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San Diego Unified is considering whether to increase the maximum amounts that people can chip in to school board campaigns from $500 to $750 in each election.

The agenda item for next Tuesday, which originated with school district attorney Lawrence Schoenke, states the limit “should be adjusted for inflation and the cost of living.” The last time San Diego Unified hiked the maximum was in 1999, when it went from $250 to $500.

How does that compare to other government agencies? For San Diego City Council candidates, the limit for individual contributions is $500 per candidate per election. So someone could give $1,000 total to a candidate if they gave in both the primary and the general election. In Los Angeles Unified, the only school district in the state larger than San Diego Unified, the limit is $1,000 per candidate per election.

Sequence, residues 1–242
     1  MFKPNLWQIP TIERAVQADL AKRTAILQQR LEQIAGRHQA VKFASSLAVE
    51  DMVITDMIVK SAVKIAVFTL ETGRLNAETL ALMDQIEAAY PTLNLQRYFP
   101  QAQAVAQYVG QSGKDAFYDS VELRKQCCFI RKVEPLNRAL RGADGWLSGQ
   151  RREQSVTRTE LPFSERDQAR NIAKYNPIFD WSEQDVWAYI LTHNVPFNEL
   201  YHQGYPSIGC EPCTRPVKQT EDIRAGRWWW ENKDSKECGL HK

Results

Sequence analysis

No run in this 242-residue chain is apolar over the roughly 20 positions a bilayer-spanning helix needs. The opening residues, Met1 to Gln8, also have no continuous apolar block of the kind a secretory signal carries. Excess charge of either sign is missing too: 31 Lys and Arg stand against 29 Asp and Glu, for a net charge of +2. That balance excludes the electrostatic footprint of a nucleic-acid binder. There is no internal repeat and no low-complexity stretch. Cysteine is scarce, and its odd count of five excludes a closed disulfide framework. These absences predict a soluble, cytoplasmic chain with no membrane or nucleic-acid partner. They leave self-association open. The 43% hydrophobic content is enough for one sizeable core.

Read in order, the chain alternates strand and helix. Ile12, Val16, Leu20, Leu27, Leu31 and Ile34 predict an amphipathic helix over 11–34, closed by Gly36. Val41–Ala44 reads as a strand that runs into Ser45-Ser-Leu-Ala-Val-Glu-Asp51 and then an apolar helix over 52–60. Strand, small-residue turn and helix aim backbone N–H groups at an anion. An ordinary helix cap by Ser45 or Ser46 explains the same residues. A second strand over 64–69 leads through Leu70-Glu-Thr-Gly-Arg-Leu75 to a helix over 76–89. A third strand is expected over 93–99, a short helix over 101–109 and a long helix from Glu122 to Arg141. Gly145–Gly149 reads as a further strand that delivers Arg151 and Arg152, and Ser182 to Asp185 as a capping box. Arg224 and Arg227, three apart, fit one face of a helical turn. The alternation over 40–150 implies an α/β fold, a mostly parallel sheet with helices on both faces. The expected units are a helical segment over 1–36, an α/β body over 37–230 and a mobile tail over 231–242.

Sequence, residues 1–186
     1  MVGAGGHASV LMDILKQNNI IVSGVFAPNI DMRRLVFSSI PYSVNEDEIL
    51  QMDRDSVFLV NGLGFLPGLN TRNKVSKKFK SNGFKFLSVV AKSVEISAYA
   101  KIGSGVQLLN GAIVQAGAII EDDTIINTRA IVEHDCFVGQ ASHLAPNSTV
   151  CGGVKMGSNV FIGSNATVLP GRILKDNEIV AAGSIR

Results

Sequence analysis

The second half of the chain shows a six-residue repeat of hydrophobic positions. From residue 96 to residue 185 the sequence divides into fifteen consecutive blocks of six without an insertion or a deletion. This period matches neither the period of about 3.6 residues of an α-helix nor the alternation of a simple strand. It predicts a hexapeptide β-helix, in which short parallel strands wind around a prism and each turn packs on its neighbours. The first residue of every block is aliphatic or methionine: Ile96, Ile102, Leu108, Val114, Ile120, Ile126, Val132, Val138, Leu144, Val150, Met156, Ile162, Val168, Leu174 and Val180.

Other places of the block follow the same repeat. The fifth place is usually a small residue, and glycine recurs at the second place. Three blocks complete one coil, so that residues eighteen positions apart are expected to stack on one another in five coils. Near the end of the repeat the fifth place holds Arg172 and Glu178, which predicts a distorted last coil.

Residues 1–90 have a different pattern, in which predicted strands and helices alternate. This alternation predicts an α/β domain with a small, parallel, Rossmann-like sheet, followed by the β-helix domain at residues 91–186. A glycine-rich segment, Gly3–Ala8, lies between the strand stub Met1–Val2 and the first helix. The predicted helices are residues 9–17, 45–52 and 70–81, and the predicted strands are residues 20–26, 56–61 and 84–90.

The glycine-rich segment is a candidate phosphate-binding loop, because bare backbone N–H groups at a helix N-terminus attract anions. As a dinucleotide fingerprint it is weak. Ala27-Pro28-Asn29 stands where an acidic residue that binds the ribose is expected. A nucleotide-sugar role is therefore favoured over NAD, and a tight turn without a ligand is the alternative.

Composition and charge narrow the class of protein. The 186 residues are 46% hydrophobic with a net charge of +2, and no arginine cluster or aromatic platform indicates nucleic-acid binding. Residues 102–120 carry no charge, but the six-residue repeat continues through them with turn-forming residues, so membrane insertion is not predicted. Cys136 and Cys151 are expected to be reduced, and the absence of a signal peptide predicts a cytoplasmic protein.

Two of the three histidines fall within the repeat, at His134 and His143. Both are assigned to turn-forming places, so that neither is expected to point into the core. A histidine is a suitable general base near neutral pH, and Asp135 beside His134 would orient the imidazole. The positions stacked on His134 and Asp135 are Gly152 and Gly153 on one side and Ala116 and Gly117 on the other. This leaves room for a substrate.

A chart created by the city Ethics Commission three years ago shows much higher limits in some other cities, such as Houston, where the limit was $5,000.

The school board is going to take up this proposal on Tuesday night. Good idea? Bad idea? I’m curious for your thoughts.

Please contact Emily Alpert directly at emily.alpert@voiceofsandiego.org or 619.550.5665 and follow her on Twitter: twitter.com/emilyschoolsyou.

Emily Alpert

Emily Alpert was formerly the education reporter for Voice of San Diego.

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